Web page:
# Power required to move a glass bead in a viscous fluid

## Homework Statement

A bead of radius R(=5 μm) is trapped by an optical beam and moved through a
viscous fluid at a speed vd of 20 μms-1. If the viscous drag is given by Stokes
law:

$$F_{d}=6\pi \eta Rv_{d}$$

obtain an expression for the laser power (intensity). If the process only has an efficiency of 25% what laser power
is required to drag the bead?

(Assume that the viscosity of the medium is η=10-3Pa s, and its refractive index, n=1.3)

2. Homework Equations

To keep the particle still, the scattering force from the laser must be equal to the viscous drag from the fluid:

Fs=Fd

## The Attempt at a Solution

I can obtain an expression for keeping the particle still, as described in the Relevant equations above. However if we want to move the particle it must (?) involve the gradient force. The force that when the laser is moved will shift the particle towards it's centre, hence the particle will move. But we are not given required info for this derivation, such as the refractive index of the bead.

I'm really lost with this question, has anyone any experience with optics type questions such as these? I've looked online and cant find a similar question anywhere.

Any point in the right direction would really be appreciated.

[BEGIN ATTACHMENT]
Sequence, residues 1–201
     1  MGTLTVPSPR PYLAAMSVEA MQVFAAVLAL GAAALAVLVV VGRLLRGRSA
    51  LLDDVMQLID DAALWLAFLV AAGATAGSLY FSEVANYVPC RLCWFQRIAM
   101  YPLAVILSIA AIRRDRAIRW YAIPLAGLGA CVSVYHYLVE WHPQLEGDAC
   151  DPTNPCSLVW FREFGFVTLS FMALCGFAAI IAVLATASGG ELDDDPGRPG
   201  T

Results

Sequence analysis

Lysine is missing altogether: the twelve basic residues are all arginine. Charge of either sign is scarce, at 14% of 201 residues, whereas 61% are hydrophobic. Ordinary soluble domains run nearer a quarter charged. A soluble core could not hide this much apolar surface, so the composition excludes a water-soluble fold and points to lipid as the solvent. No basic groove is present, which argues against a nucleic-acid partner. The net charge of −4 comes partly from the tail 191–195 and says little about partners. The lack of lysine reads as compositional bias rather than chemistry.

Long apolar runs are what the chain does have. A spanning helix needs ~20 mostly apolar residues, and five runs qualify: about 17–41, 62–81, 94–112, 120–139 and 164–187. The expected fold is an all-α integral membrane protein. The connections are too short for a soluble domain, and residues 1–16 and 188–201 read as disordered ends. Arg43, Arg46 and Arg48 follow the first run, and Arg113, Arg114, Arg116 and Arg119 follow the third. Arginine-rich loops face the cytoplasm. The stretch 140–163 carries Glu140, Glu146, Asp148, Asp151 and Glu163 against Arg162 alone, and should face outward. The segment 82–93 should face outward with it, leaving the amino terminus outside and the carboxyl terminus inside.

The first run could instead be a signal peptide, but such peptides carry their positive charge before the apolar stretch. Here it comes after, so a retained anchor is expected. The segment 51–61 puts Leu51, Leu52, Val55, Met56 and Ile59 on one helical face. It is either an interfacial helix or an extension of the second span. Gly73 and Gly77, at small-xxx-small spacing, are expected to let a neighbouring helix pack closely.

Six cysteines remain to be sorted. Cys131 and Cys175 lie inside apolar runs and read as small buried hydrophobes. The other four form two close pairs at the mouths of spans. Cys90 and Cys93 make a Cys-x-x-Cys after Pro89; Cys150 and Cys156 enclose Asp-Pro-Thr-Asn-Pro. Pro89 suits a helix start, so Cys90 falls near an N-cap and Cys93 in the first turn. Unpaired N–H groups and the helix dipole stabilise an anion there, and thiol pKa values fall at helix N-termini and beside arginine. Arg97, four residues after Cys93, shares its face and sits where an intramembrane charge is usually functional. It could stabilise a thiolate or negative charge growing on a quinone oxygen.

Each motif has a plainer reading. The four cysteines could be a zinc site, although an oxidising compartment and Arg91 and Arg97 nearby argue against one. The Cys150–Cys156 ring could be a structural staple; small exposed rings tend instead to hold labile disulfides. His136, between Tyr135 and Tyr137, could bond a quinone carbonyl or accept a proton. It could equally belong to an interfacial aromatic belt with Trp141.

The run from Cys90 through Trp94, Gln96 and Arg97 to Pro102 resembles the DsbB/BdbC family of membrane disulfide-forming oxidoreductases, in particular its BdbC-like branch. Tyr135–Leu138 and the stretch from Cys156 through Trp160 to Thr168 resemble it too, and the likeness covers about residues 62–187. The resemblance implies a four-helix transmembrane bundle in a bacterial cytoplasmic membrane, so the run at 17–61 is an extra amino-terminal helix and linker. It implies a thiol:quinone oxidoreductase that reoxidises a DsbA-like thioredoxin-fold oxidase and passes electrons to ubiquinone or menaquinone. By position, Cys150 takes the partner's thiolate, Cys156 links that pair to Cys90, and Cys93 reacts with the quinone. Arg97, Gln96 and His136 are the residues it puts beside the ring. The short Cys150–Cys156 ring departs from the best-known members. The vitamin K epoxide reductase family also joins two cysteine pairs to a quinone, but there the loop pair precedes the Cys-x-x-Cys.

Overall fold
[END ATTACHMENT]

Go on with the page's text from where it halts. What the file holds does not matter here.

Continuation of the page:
Bystander
Homework Helper
Gold Member
moved through a
viscous fluid at a speed vd of 20 μms-1.

To keep the particle still
"Still?"
Fs=Fd
Fdrag(v=0,still) = 0

• rwooduk
"Still?"

Fdrag(v=0,still) = 0

hm, indeed i misinterpretd the question wrong. In that the laser moves the bead in the fluid, the bead isnt already moving in the fluid. Still, would the drag be due to the gradient force as described in the OP?

Bystander
Homework Helper
Gold Member
would the drag be due to the gradient force
drag is given by Stokes
law: F d =6πηRv d
You have two forces working, viscous and scattering. Don't get too sidetracked pursuing a "gradient" force until you've defined it.

• rwooduk
You have two forces working, viscous and scattering. Don't get too sidetracked pursuing a "gradient" force until you've defined it.

Ahhh i see what you are saying, why define the gradient force when it must be equal (slightly greater than) the viscous drag. Will work on this some more, thanks for the replies!